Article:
Chronicle March 2010 | Chronicle May 2010

April 2010

It’s Saturday, 10 April. I’m stepping out into our little garden at quarter past six in the evening and can hear the birds still singing in the trees and bushes. Over the winter, we had lots of birds quietly feeding in the garden, but we were deprived of bird song. But now it’s started – the birds are calling out their presence and the garden is in song; it’s festive time in the bushes and trees.
Out in the garden, the snow has finally disappeared after the long, wretched winter here in the Stockholm area (and the rest of Sweden, for that matter). Mini-avalanches of snow from the roof have caused so much damage to the boxwood hedges near the house that I fear it will be difficult for them to recover. It’s been a truly awful winter and we deserve a better spring and early summer; time will tell.

As the snow is finally disappearing, things are happening - the garden is quickly coming to life and spring is on its way. As usual, the winter aconite has been the first plant to herald the approach of spring. One waits impatiently to see the first plant, one yearns for the first signs, and then everything happens so quickly.... We’ve enjoyed masses of winter aconite, but now they’re over. Yes, so far April 2010 has been a wonderful month in our modest garden here in southern Stockholm.

With the melting of the snow, it’s been possible to see the damage that has been caused to trees and bushes. There’s been quite a bit of it, and some of the roses have been hit particularly hard. Quite simply, the garden has suffered a real blow this winter. There’s not a lot that can be done about it. I know that I’m not alone in this, but there’s no real comfort in numbers and it’s still hard to see the damage. Still, as I often say, where gardening’s concerned, you’ve got to live on a fair measure of hope.

And then, as if to compensate for the damage, see what’s begun to bloom! THOUSANDS of crocuses. I’m not exaggerating! From the rear of the house, down to the fruit garden — 10,000 or so crocuses, in full bloom. I myself have difficulty in understanding how on earth I’ve managed to get all of those small bulbs down in the ground over the course of the years. It’s just as well that I’ve restricted the colour scale: my personal taste tends to white and pastel blues in the spring, and that’s exactly what’s blooming now. Thousands of crocuses - a mass volume producing a mass effect; it’s also doesn’t harm that a single botanical crocus produces 3-5 flowers from the same bulb.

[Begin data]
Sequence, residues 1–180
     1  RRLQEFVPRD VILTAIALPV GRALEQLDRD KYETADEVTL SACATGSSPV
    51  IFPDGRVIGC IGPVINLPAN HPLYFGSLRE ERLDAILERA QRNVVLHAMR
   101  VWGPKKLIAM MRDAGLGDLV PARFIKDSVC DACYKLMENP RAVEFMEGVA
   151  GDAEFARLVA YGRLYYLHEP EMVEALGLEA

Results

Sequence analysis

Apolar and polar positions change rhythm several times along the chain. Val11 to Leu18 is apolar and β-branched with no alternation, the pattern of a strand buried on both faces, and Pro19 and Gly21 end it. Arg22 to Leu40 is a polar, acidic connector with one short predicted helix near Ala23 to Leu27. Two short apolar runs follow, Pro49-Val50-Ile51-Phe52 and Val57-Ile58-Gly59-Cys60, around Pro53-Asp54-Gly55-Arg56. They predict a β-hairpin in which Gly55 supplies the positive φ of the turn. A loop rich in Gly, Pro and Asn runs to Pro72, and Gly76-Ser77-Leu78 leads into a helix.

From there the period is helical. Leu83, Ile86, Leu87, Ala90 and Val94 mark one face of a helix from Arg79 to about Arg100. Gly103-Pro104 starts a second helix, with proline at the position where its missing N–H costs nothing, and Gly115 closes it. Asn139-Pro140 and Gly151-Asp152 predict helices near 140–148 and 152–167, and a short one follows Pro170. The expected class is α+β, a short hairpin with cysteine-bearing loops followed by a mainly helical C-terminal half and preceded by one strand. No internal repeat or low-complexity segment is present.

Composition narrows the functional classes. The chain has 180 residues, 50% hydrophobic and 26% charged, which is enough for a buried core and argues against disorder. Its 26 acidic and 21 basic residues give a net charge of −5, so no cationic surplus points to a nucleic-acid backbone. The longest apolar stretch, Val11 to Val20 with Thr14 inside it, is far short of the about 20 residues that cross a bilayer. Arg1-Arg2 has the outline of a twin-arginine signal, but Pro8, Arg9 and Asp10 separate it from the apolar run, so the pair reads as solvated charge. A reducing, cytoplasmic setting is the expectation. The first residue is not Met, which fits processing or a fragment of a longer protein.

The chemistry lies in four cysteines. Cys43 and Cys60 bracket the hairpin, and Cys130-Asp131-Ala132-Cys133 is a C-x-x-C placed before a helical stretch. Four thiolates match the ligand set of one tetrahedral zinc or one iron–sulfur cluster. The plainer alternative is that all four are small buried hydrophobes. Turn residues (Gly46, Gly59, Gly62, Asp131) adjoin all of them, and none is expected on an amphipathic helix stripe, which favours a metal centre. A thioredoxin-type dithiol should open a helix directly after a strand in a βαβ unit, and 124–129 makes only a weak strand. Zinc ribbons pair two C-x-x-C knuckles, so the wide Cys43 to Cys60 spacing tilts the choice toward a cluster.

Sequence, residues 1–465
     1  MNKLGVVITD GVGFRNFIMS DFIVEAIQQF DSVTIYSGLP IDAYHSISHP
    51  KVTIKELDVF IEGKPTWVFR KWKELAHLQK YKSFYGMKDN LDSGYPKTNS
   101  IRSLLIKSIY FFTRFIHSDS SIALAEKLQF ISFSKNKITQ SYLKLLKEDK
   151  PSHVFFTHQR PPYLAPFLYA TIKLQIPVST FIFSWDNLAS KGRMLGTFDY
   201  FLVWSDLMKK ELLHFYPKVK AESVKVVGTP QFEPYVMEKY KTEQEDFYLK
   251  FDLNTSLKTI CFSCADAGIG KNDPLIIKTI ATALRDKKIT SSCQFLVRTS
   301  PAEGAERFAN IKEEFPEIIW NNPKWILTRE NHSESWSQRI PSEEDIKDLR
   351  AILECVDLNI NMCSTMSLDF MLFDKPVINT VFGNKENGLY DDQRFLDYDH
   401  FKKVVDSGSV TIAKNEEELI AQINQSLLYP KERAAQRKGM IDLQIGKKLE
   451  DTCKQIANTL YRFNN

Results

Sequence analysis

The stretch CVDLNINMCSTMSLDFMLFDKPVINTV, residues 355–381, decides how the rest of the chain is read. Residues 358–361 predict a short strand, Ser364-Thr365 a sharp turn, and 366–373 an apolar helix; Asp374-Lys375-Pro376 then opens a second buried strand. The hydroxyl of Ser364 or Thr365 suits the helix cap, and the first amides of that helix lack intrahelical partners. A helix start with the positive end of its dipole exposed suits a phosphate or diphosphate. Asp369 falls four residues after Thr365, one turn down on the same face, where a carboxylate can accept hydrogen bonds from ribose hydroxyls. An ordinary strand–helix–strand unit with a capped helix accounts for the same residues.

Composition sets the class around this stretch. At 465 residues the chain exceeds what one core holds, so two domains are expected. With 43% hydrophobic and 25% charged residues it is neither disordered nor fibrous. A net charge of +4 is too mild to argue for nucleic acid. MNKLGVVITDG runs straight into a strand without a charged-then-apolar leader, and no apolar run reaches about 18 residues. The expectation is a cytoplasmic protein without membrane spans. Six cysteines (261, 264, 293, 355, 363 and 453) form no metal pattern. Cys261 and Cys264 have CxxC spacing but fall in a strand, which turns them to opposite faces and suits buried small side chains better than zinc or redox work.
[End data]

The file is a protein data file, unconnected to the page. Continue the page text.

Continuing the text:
I’m a great believer in planting in “waves” rather than straight lines; it’s just so much more interesting whatever’s being planted, but especially where crocuses are concerned. As I’ve already said, they’re mass planted in our garden. They look great and contribute to a wonderful spring feeling. It’s such a pleasure to stand and gaze (with a sense of reverence) upon the fantastic blooms, the ethereal green which is now showing itself, and the poppies that are now already 20-25 cm high. This year, so much growth has occurred beneath a blanket of snow, the like of which I’ve never experienced before. When the snow finally melted, I could only stand, stare and realise that thanks to the thickness of the snow, the ground hadn’t been frozen. As the snow melted, there were the alliums proudly proclaiming “Ha, ha, here we are”. They’d grown some 10 cm beneath the snow. Amazing.

It’s an April evening and I’m taking a stroll along the slate path which leads to the pond. There’s still something of a chill in the air; we’ve witnesses the return of light but not of warmth. I’ve now come to the pond and see that the goldfish have survived the winter. Thankfully, the pond never freezes to the bottom, and the air pump remains in operation throughout the winter. So the fish are there – hardly moving and still not eating, because the water is still so cold. But their sometime neighbours, the toads, have begun to move. And so, slowly but surely, the pond – like the rest of the garden – is beginning to return to life.

Birds singing throughout the garden after a winter of silence, crocuses blossoming everywhere... Expectations are so high –and shoots are expectantly sprouting up all around.
Unfortunately, the spring and the first blooming are over so soon. When standing at the rear of the house, it occurs to me that if I were to say to people “We’ve had thousands of white crocuses just here”, few would believe me. Fortunately, though, we have the photographs to show that it’s no exaggeration.

Dear me, I potter around the garden and think of all the things that MUST be done – there’s so much taking place at the moment. I’ve got to begin feeding the plants fertiliser, to begin raking, to begin putting things away. And bringing things out. The agapanthus that have spent the winter in the cellar and in the shed need to be brought out and given Chrysan fertiliser.  All the boxwood globes that have been dug down in the ground during winter now need to be dug up again and put in pots.
One thing I won’t be doing this year is planting seeds. Dear me, I’ve made lots of mistakes where seeds are concerned. But I am considering planting some beans. Beans are something I don’t want to be without – they look so festive when growing, and taste great – but otherwise...truth be told, I’m not very good at planting from seed. Quite simply, I want and prefer perennials. Hurrah for perennials!

Finally, back to my beloved crocuses- you have to look at the pictures on the website. So beautiful! I feel such a sense of humility. To think that it’s possible to satisfy all the senses through an interest in gardening, in causing things to grow. A garden, plants, growth... I believe that these give people strength. I believe that we need nature. There’s so much that we need, but nature is able to give us so much.

Spring greetings from

A Gentleman Gardener